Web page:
Lyndon Baines Johnson (LBJ), was one of the most memorable as well as divided politicians in US history. With a humble past of teaching at segregated schools for 3 years, he had all the heart of someone to end slavery. But upon becoming a Senator, this seemed to change. During his Senate years, time and time again showed his dislike for Civil Rights. When President, he was a whirlwind of a worker to push this bill through. What changed, what didn’t, along with what drove him to do this.
Civil rights groups are not a new thing in the United States, but after the disputed case of Trayvon Martin who was killed by George Zimmerman, the movement has been growing tumultuously. After Martin’s death, hundreds of high school teens began protesting, demanding both Zimmerman and chief police be fired. With the help of social media, Umi Selah and other activists were able to organize a forty-mile march from Daytona Beach to the headquarters of Sanford Police Department (the department that dealt with Martin and Zimmerman’s case.) The march lasted four days and ended in a five-hour blockade of the Sanford Police Department’s door. This organized protest was just the beginning of what quickly became the Black Lives Matter movement (McClain 2016).
Famed Confederate General Thomas “Stonewall” Jackson’s legacy is hardly easy to define. His is most remembered for cunning speed and brutality in battle and many consider him without equal. The same strategies Jackson used in the Shenandoah Valley campaign were scrutinized by both Rommel and Patton for inspiration in WWII. Jackson’s personal discipline carried over into his command. Although his men were often barefoot and near starvation, he pushed them forward into battle, not wishing to sacrifice the element of surprise. Many of his battles were actually waged on Sundays which contradicts Jackson’s steadfast devotion to Christianity that many attribute to fanaticism.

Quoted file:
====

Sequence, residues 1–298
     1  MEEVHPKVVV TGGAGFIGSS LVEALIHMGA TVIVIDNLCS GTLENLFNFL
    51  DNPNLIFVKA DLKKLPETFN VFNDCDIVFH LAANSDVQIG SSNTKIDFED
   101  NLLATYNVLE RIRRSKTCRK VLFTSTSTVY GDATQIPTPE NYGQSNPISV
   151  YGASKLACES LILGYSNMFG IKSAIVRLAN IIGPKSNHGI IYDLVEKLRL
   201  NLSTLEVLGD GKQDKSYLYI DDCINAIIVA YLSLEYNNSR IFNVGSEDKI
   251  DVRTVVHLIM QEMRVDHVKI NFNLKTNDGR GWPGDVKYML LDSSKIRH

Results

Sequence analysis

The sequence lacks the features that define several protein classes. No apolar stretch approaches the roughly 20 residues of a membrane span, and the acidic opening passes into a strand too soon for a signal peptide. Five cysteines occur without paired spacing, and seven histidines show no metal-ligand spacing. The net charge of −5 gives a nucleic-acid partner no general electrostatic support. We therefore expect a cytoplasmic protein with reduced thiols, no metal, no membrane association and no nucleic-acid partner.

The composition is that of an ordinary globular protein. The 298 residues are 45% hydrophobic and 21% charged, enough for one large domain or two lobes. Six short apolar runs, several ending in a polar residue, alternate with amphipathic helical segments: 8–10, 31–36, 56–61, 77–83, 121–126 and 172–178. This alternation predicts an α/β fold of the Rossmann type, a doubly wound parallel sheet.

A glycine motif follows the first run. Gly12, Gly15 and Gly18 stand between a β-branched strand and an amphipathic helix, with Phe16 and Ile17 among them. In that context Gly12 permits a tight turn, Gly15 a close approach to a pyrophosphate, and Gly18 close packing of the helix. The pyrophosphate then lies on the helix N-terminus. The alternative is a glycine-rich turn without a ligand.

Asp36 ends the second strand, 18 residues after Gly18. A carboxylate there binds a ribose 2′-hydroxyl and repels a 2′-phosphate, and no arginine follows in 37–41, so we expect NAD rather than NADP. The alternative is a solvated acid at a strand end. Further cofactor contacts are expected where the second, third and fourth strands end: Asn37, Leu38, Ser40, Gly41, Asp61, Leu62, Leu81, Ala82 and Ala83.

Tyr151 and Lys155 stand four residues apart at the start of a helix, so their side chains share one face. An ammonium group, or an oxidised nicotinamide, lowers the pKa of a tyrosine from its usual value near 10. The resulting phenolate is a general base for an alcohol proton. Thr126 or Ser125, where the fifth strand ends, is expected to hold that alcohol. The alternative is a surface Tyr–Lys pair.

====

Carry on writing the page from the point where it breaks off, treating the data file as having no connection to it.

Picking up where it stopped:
The Civil Rights Movement was an unforgettable era in American History because it has influenced so much of this countries laws and norms, making what was at a time acceptable in this country extremely unacceptable and unpracticed. This inevitable struggle for freedom, natural human rights, and acceptance was a violent and non-violent volatile reaction to a broken and unjust system. Many leaders and citizens fought for the freedom and justice of the minorities in the United states of America during the Civil Rights movement, by using unique approached, strong strategies, and intelligence to earn this respect and freedom. Civil Rights leaders like the well-known Dr. Martin Luther King Jr. and many other influential people bravely led the Civil Rights Movement and creating a new America where “the system of Jim Crow segregation and racism was reformed and eliminated”1 Additionally, the cause of the Civil Rights Movement, the various forms of protest, and the aftermath of the movement will be discussed throughout this essay, and the reader will be able to gain a stronger understanding of the Civil Rights Movement as a whole.
In a march against segregation and barriers for African-American voting rights, peaceful marchers were exposed to harsh treatment by the police, 50 being hospitalized by the terrorism inflicted on them (civilrights.org). The targeted protest became infamous in the Civil Rights Movement, marked “Bloody Sunday” and was crucial to gaining favor of the public (civilrights.org). The two causes went hand in hand in this, rocketing in support and becoming the main goal of the country - the end of segregation was the most dire problem that the Civil Rights Movement needed to solve. And with the 24th Amendment, Civil Rights Act of 1964, and Voting Rights Act of 1965 being ratified, the civil rights movement and the fight to end segregation reached its legal goal (infoplease.com). However, the nation’s mentality needed work - though the popularity of Civil Rights was rising, many riots and racial hate crimes continued to occur throughout the country, with many casualties resulting from them (infoplease.com). The ratification of these laws may have made the “separate but equal” rhetoric illegal for the U.S. but the citizens inside it still battled for their beliefs. As segregation and civil rights become national topics, their